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Naegleria warning to health officials

Naegleria warning to health officials

KARACHI: The Sindh health department has sent a series of letters to its own officers deputed across the province and officials of the provincial local government department and the Karachi Water and Sewerage Board (KWSB) asking them to put the house in order and save lives under immense risk from naegleria fowleri, also known as brain-eating amoeba, it emerged on Thursday.

An 18-year-old girl residing in Gulistan-i-Jauhar in Karachi died last month in a private hospital in Karachi who was later confirmed to be infected with the ‘brain-eating amoeba’, the first victim of the deadly disease this year, which killed 14 people in Sindh last year and 12 of them were resident of Karachi.

Take a look: Naegleria Fowleri: Barricading the brain against the amoeba

The incident set warning bells ringing in the corridors of the authorities concerned who drafted several letters as a follow-up to efforts made to combat the disease in the coming months of summer.

The hot weather conditions are considered to be favourable for the germ that nurtures in warm waters and attacks humans through nasal cavity.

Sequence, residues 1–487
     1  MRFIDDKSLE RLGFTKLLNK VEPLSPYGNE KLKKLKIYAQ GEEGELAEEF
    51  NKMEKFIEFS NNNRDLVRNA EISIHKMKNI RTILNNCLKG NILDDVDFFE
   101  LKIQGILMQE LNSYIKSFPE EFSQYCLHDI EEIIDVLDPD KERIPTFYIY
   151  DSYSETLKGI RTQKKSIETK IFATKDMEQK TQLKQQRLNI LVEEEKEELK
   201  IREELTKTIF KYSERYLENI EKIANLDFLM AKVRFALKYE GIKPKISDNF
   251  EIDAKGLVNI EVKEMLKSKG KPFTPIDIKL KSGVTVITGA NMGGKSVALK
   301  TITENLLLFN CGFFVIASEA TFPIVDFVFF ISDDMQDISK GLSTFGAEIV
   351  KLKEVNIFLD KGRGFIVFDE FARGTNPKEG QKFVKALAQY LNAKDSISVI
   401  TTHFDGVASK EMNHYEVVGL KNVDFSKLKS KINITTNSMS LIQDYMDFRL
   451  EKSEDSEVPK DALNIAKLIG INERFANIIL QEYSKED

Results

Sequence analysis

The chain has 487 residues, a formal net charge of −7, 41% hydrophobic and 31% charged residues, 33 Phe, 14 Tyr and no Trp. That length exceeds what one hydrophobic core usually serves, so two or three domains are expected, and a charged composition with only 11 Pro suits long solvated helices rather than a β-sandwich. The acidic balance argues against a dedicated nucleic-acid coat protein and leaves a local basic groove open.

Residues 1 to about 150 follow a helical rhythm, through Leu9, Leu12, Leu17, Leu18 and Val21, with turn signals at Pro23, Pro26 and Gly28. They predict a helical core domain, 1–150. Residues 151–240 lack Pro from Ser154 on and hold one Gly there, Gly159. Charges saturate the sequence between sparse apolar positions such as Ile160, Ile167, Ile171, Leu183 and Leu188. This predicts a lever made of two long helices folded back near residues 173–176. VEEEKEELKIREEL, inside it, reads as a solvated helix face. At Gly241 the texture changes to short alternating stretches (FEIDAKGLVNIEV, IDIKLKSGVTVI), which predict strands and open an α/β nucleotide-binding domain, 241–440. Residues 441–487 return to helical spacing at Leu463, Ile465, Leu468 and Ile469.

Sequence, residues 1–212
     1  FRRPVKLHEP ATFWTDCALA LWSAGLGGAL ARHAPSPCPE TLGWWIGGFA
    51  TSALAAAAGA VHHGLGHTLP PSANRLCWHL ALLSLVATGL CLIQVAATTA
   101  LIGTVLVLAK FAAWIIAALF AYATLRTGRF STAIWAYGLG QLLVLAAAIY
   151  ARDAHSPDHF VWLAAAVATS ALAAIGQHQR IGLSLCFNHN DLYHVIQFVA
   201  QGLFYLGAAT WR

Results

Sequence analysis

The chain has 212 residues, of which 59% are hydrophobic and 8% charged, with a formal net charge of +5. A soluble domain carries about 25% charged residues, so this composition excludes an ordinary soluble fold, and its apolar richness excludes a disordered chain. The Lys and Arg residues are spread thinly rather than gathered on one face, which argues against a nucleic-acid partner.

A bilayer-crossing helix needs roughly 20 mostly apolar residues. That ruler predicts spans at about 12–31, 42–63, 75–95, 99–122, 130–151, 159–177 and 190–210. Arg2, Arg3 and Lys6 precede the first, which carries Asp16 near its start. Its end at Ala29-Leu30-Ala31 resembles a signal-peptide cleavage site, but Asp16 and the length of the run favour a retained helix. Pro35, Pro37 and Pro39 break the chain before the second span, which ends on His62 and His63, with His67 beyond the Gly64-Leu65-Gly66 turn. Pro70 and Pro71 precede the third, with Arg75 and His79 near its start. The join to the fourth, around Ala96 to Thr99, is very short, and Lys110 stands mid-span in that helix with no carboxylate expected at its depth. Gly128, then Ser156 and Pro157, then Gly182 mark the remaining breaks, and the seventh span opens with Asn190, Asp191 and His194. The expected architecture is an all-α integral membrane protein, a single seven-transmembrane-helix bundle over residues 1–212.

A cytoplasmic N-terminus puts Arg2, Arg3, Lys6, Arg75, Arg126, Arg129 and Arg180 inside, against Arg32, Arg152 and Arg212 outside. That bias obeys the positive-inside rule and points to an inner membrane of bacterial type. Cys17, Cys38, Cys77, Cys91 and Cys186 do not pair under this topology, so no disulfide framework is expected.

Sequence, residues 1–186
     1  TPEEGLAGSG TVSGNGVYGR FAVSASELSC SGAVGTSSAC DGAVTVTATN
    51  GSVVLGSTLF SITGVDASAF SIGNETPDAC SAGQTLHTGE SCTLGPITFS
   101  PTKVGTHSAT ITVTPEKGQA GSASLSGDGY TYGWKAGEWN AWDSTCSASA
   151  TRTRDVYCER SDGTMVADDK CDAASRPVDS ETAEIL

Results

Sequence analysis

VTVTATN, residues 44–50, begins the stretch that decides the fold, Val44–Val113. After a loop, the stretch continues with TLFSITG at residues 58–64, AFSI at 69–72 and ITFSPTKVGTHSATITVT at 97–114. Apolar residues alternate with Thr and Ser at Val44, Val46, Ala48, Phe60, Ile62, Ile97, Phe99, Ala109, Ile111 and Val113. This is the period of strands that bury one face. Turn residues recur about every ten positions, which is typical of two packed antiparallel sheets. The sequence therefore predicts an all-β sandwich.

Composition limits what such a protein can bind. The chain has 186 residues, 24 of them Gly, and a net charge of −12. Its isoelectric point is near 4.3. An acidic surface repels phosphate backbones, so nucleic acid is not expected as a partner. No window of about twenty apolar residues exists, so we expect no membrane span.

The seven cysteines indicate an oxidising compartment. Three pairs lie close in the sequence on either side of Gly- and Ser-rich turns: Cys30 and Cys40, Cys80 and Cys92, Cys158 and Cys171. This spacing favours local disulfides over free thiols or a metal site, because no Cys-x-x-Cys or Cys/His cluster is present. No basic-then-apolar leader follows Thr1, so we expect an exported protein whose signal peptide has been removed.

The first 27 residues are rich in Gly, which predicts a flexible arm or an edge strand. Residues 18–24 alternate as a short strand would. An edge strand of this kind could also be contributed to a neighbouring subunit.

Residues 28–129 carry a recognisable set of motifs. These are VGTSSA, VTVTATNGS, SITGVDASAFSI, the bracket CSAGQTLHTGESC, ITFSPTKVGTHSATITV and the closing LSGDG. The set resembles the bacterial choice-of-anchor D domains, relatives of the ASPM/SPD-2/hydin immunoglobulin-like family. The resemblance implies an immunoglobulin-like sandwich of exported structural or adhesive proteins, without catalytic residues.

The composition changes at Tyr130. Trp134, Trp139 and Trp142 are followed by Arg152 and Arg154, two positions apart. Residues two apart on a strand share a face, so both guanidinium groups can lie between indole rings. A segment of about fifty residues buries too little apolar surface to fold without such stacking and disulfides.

In the warning sent to the senior director of health services of the Karachi Metropolitan Corporation and all directors of health services across the province, it had been asked that they must be aware of naegleria fowleri, which was a brain-eating amoeba found in freshwater bodies ie, lakes, rivers, hot springs, soil and swimming pools that were poorly maintained, minimally chlorinated and/or un-chlorinated.

They have been asked to take immediate necessary measures, including awareness of medical, paramedical staff and general public as well as sampling from water reservoirs to assess their chlorination status and safety for human consumption.

“Please, ensure that panic at any level may not be created as it may worsen the situation,” the officials were advised in the letter, adding that the risk of naegleria infection was very low and it could not be acquired from a properly cleaned, maintained and disinfected water.

It further said that signs and symptoms of naegleria infection might be overlooked as those closely mimicked other ailments ie meningitis, bacterial or viral or tuberculosis forms, hence all samples drawn in case of suspected meningitis should be examined for naegleria organism.

In a letter to the secretary of local government department, the health ministry drew his attention towards the recent death and 14 deaths reported last year and asked him to ensure presence of residual chlorine in the water being supplied by the KWSB.

Published in Dawn, May 8th, 2015

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